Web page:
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Alessandro, here in Australia we eat stacks of pasta and lots of Italian. But what are we doing wrong with our cooking?
You're right, Australians love Italian food and particularly pasta which is great to see. One of the best things about my job as Executive Chef for Barilla is the ability to continually improve this experience for people, by pointing out a few simple things that everyone can do better and cook the very best pasta dish possible. These are some of my pointers:
1. Many people believe pasta is pasta is pasta
This is a misconception! Not all pasta is the same. The quality of the pasta depends on the quality of the ingredients. A simple cooking test will tell you. If the water doesn’t froth intensely when boiled, and remains clear after cooking, and the pasta is a golden colour, then you are using good products like Barilla.
2. Use lots of water!
We’ve discovered most people don’t use a big enough pot or enough water to cook their pasta. The rule is one litre per 100 grams of pasta.
3. Remember to salt your cooking water
Salted water helps to enhance the flavour of the pasta. Add salt just as the water reaches boiling point which is just before you add the pasta. Add 7 grams of salt per litre of water.
4. Oil and water don’t mix
With premium quality pasta, there’s no need to add oil. It will just coat the pasta causing the sauce to slide off rather than bind to it. However, cooking poor quality pasta may require oil to combat the amount of sticky starch that it releases when cooked.
5. No need to rinse
Again if it’s good quality pasta like Barilla pasta, there’s absolutely no need to rinse. Only a small amount of starch is released during cooking, so the pasta doesn’t stick together. In fact, rinsing removes the pasta’s light starch coating which is what you need to hold the sauce.
6. Al dente perfection
Pasta should be cooked ‘al dente’. Quite literally this means ‘to the tooth’ or slightly firm to the bite. Ideally it should be tasted from the boiling pot and then cooked to finish in the pan with the sauce, to allow the flavours to really combine.
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RECIPE: Italian Veal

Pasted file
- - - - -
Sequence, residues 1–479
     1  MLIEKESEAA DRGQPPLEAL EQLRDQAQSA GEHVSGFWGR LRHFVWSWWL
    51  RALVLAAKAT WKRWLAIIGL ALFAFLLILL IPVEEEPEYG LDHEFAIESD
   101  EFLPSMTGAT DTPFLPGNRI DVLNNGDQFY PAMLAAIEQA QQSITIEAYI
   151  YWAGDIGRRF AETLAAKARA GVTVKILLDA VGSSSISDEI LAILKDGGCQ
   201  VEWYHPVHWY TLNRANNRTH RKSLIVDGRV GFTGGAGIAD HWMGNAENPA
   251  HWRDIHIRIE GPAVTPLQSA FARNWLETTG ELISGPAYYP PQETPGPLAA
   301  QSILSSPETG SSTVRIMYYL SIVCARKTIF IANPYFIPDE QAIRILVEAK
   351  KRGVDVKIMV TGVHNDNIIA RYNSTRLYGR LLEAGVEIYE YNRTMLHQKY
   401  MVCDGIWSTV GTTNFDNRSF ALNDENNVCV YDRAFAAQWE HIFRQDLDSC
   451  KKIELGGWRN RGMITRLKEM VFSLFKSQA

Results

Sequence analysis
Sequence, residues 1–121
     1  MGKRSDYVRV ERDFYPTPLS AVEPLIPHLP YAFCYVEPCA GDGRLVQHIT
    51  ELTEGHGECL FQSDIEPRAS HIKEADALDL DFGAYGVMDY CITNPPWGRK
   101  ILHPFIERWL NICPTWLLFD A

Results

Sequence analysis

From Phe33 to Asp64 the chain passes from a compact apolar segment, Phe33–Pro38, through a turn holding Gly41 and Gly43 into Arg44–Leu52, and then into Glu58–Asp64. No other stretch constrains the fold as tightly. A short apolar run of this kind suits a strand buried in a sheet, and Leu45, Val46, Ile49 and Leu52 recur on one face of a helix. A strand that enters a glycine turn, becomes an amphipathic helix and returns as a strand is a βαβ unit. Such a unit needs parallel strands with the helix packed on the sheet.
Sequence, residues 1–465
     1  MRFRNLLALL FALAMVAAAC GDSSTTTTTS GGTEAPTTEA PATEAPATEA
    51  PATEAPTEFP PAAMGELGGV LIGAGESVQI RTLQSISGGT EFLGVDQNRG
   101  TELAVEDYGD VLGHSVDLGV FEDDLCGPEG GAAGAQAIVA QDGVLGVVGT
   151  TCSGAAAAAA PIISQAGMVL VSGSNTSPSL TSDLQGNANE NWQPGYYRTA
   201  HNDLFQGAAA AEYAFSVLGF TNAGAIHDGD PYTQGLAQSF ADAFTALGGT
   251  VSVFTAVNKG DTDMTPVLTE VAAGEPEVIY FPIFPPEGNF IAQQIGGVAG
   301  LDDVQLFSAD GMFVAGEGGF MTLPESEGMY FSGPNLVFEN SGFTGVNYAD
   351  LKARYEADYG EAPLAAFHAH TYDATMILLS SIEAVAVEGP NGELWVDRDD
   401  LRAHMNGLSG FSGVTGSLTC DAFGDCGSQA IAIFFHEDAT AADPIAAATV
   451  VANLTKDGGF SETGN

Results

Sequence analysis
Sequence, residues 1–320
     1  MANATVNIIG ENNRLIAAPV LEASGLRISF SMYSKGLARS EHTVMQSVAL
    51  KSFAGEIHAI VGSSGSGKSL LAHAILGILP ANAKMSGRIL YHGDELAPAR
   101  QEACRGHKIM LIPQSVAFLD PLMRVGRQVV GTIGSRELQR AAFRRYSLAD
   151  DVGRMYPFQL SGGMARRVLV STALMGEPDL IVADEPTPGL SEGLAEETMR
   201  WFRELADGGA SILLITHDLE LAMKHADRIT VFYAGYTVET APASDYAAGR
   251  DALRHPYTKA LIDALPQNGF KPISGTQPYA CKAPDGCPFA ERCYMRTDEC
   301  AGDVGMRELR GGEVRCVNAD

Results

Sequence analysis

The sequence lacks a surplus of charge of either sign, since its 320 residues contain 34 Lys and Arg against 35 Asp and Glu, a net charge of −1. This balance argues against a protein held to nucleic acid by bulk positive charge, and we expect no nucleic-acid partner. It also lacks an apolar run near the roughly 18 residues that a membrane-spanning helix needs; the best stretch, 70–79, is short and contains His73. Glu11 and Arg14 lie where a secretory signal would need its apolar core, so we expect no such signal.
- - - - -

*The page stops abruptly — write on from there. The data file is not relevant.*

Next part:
7. Match your pasta to the sauce
Italians use less sauce than Australians do. That’s because they want to taste the pasta as well as the sauce. So if it’s good pasta, don’t drown it. The general rule is to use as much sauce as pasta, and finish cooking the pasta by tossing it in the sauce. However, pesto sauce can be used as a simple garnish and doesn’t require heating. Simply toss through your cooked pasta to combine.
In Italy there are over 300 types of pasta, a signature dish for every region. Different shapes suit different sauces. For instance short pasta like penne goes with chunky meat and vegetable sauces. Fettuccine or pappardelle suit rich creamy sauces and bucatini and cannelloni are ideal for baking.
8. Pasta is made from durum wheat
Better pasta is in fact made from semolina which is produced by milling kernels of durum wheat. Barilla pasta is made from 100% high quality durum wheat.
9. Good pizza…
And as for pizza, real Italian pizza base is crispy thin with simple toppings, never pineapple!
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Which is the worse cooking "crime"?
To me personally the worst crime when cooking pasta is to overcook it. Overcooked pasta and too much sauce - I have seen that a few times, even before joining Barilla.
Overcooked, poor quality pasta goes soft and loses its shape, and is not great for your digestion. Use good quality pasta like Barilla and it will always cook al dente. Remember not to drown your pasta in sauce but rather, cook it like the Italians do - take the pasta out from the water a couple of minutes before the suggested cooking time and allow it to finish cooking together with the sauce. Even better, add a cup of the boiling cooking water which is contains salt and a little starch to the sauce and this will bring the whole dish together.
What other secret Italian cooking tips do you have that we don't know here in Australia?
At a time when cooking and food preparation is so popular, it can be hard to find something new to tell people. As a chef, I always tell people to cook from your heart. Don't be afraid to use your taste buds and try new things, because unless you're excited and it comes from within, you won't be able to produce a great dish. Of course, it always helps to use best quality ingredients like Barilla too!
Finally, has Australia impressed you with its Italian food talent and quality? How do we compare with Italy?
I love Australia and there are a lot of talented Italian chefs in this country. I have lived in Melbourne and Sydney and have been fortunate enough to dine in some of the best restaurants around. I'm always impressed by the use of fresh produce and modern interpretations of classic dishes. But to compare with Italy, it is tough - the climate, produce, knowledge and culture are completely different. The result is two quite different, equally impressive, experiences!
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